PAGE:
Helicobacter pylori infection: physiopathologic implication of N alpha-methyl histamine.

Department of Gastroenterology, Hôpital de Villenuve Saint Georges, France.
Gastroenterology (Impact Factor: 12.82). 05/1995; 108(4):959-66. DOI: 10.1016/0016-5085(95)90190-6
Source: PubMed

ABSTRACT In the gastric mucosa of Helicobacter pylori-infected subjects, we previously detected N alpha-methyl histamine (N alpha-MeHA), a minor catabolite of histamine and a potent agonist of histamine H3 receptors. The origin of N alpha-MeHA and its effects on gastric histamine and somatostatin in infected subjects were investigated.
Ten noninfected patients and 13 patients with intense colonization were compared. N alpha-MeHA content and its synthetic enzyme activity, N alpha-histamine methyltransferase, binding of [3H]N alpha-MeHA, histamine and somatostatin contents, and histidine decarboxylase activity were assayed in antral and fundic biopsy specimens and in cultured H. pylori strains.
Gastric histamine and somatostatin contents as well as histidine decarboxylase activity were decreased in infected patients and were restored to normal after antimicrobial treatment. Both N alpha-MeHA and N alpha-histamine methyltransferase activity were present in the mucosa of infected patients and in cultured strains and were very low in noninfected patients or after eradication of H. pylori. [3H]N alpha-MeHA bound to gastric mucosa but not to cultured strains. The [3H]N alpha-MeHA specific binding sites were characterized as H3 receptors. The amount of bound [3H]N alpha-MeHA seemed correlated positively with somatostatin content and histidine decarboxylase activity and negatively with N alpha-MeHA content and N alpha-histamine methyltransferase activity.
H. pylori is the main source of gastric N alpha-MeHA that may lower histidine decarboxylase activity and somatostatin content through H3 receptors.

  • [Show abstract] [Hide abstract]
    ABSTRACT: Enterochromaffin-like (ECL) cells are histamine-containing endocrine cells in the gastric mucosa. Previous studies have shown that the proinflammatory cytokine interleukin (IL)-1beta present during chronic gastritis inhibits histamine synthesis in ECL cells and leads to sustained functional impairment. This study investigated the effects of IL-1beta on ECL cell apoptosis and the related signal-transduction mechanisms. ECL cells were isolated by pronase digestion and a combination of elutriation, gradient centrifugation, and 48-hour culture (purity >/=90%). Apoptosis was measured by terminal deoxynucleotidyl transferase-mediated deoxyuridine triphosphate nick-end labeling reaction and cell death detection enzyme-linked immunosorbent assay. IL-1beta (100 pg/mL) increased the rate of programmed cell death 2-3 fold in ECL cells after 24 hours of incubation (total of 12%-14%). This effect was completely inhibited by the NF-kappaB inhibitor, proteasome inhibitor I, and the nitric oxide synthase inhibitor (iNOS) N(G)-monomethyl-L-arginine (10(-4) mol/L), but not by the caspase 3 inhibitor, Asp-Glu-Val-Asp-CHO. Western blot analysis, reverse-transcription polymerase chain reaction (PCR), and in situ PCR showed that IL-1beta induced gene expression (after 2-4 hours) and protein synthesis (6-18 hours) of the iNOS isoform in ECL cells. Bax protein expression was increased in response to IL-1beta. In contrast, bcl-2 gene expression was increased in response to basic fibroblast growth factor, which has been shown to counteract IL-1beta- induced apoptosis. These data suggest that IL-1beta induces programmed cell death in isolated rat ECL cells via activation of NF-kappaB, iNOS, and the Bax protein.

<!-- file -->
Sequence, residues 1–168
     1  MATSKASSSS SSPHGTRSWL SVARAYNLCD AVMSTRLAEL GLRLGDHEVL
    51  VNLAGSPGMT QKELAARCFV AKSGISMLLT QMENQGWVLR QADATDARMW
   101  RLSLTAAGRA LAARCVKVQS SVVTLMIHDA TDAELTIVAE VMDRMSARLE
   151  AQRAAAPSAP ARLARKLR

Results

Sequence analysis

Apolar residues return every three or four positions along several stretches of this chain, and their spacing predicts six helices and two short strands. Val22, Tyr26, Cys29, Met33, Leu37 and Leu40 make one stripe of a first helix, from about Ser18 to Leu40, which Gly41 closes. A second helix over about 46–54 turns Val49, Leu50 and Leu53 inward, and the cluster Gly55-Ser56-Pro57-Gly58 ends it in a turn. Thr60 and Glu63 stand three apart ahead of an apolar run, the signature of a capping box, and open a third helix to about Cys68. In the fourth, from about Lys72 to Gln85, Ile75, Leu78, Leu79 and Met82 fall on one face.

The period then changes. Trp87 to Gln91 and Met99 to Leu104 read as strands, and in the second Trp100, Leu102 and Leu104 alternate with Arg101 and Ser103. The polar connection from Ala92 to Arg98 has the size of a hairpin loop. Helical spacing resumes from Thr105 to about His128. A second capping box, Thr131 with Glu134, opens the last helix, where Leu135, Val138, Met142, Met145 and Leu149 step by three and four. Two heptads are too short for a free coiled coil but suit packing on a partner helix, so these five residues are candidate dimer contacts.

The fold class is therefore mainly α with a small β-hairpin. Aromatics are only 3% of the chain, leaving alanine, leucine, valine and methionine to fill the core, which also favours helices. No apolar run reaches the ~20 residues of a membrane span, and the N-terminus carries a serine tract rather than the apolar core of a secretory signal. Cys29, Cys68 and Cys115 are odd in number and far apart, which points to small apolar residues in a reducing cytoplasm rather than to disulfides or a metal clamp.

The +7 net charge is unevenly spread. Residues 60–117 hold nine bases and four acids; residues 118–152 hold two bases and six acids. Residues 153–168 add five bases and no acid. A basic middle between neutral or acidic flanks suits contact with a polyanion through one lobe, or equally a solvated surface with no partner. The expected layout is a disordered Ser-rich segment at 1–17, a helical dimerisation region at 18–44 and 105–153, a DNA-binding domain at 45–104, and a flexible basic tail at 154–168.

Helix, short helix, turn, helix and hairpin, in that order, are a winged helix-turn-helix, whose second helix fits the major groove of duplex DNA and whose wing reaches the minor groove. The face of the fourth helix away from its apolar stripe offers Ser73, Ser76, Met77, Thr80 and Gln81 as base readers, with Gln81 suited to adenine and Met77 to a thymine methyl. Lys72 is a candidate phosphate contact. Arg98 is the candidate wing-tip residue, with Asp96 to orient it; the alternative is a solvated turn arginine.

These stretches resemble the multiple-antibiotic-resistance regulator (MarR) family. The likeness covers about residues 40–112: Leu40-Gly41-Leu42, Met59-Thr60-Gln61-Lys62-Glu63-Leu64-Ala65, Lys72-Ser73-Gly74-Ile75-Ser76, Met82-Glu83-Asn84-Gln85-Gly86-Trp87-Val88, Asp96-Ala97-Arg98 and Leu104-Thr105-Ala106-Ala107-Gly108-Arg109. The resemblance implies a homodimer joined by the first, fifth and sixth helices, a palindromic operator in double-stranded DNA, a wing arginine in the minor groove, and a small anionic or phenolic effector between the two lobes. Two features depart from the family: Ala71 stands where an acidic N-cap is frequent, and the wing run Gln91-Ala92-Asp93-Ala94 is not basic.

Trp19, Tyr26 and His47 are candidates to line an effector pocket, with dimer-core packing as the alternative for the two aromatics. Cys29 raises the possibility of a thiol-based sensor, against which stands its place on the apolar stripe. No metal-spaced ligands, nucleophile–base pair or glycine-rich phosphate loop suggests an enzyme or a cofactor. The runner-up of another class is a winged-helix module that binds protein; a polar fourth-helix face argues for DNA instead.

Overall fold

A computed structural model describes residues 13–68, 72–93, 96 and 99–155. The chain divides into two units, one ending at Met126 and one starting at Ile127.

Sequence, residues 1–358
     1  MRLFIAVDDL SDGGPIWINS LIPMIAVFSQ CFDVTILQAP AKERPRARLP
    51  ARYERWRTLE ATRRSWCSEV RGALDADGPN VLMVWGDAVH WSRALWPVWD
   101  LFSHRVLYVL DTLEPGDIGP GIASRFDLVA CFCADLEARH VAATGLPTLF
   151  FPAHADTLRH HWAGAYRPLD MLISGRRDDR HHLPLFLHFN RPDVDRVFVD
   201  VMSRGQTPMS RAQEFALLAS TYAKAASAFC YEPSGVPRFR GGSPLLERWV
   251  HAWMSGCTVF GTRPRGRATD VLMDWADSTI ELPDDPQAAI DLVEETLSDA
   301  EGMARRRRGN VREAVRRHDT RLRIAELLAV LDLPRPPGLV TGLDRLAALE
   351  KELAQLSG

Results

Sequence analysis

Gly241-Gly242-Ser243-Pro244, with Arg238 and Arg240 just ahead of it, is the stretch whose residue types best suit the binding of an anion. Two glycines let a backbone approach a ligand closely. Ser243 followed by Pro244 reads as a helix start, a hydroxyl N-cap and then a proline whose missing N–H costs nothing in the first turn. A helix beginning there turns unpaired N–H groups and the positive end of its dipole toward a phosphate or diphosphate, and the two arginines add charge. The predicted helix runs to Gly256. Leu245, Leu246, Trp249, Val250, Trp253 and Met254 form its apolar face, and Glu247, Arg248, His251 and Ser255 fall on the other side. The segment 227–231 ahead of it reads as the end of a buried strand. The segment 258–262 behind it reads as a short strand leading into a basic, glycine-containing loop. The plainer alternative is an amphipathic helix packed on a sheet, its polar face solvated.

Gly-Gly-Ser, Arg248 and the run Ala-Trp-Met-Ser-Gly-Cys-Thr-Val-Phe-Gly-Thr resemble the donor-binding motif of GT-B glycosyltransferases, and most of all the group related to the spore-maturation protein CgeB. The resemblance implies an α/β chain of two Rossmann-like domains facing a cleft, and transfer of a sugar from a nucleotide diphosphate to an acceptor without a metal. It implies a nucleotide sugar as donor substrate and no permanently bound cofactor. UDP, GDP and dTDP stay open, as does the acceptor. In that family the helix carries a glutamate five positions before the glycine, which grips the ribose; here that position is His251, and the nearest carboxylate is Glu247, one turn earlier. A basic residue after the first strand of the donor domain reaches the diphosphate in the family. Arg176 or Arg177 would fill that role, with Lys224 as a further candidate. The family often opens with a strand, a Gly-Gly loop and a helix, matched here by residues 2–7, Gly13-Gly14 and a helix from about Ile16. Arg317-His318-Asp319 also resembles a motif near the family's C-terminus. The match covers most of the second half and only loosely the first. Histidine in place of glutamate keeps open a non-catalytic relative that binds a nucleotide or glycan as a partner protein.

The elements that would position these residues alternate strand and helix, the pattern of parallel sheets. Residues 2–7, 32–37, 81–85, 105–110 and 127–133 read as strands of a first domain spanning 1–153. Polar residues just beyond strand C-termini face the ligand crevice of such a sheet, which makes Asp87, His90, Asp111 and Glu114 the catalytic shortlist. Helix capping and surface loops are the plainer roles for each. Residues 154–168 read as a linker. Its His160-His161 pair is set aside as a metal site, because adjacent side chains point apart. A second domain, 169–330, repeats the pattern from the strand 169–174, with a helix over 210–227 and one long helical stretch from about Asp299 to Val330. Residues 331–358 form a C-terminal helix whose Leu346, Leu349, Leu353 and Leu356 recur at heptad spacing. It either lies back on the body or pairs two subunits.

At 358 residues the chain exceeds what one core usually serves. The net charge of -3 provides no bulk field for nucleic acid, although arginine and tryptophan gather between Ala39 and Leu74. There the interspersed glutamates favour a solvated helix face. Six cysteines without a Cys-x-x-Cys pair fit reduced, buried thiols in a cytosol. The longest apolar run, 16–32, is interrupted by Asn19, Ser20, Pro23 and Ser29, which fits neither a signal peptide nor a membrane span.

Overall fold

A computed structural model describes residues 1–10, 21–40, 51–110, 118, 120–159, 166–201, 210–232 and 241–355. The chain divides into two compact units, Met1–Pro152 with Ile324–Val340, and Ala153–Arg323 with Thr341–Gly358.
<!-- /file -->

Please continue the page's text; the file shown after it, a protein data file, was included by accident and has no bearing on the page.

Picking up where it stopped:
Gastroenterology; 03/2000
  • [Show abstract] [Hide abstract]
    ABSTRACT: Helicobacter pylori is a gram-negative spiral bacterium confined to the habitat of gastric-type epithelium. H. pylori causes duodenal ulceration by a cumulative effect of antral predominant gastritis with increased acid secretion, consequent gastric metaplasia in the duodenum (a site of further colonization by H. pylori), duodenitis, reduced duodenal bicarbonate secretion, and mucosal damage. Bacterial factors influence outcome. Major determinants are the production of a vacuolating toxin and the presence of CagA, an immunodominant product of a nonconserved gene cagA, a marker for the cag pathogenicity island that encodes virulence genes involved in induction of epithelial chemokine responses. In ulcer patients the mucosal immune response is polarized to a T-helper-1 (Th1) cell-mediated response, which may contribute to mucosal damage. Eradication of H. pylori restores acid output to normal. Loss of both acid and bacteria halts gastroduodenitis and allows ulcer healing. Gastric metaplasia does not regress in the short term.
    Annals of the New York Academy of Sciences 12/1998; 859:96-111. · 4.38 Impact Factor
  • [Show abstract] [Hide abstract]
    ABSTRACT: Recent milestones in the understanding of gastric acid secretion and treatment of acid-peptic disorders include the (1) discovery of histamine H(2)-receptors and development of histamine H(2)-receptor antagonists, (2) identification of H(+)K(+)-ATPase as the parietal cell proton pump and development of proton pump inhibitors, and (3) identification of Helicobacter pylori as the major cause of duodenal ulcer and development of effective eradication regimens. This review emphasizes the importance and relevance of gastric acid secretion and its regulation in health and disease. We review the physiology and pathophysiology of acid secretion as well as evidence regarding its inhibition in the management of acid-related clinical conditions.
    Gastroenterology 07/2008; 134(7):1842-60. · 12.82 Impact Factor


Available from
May 30, 2014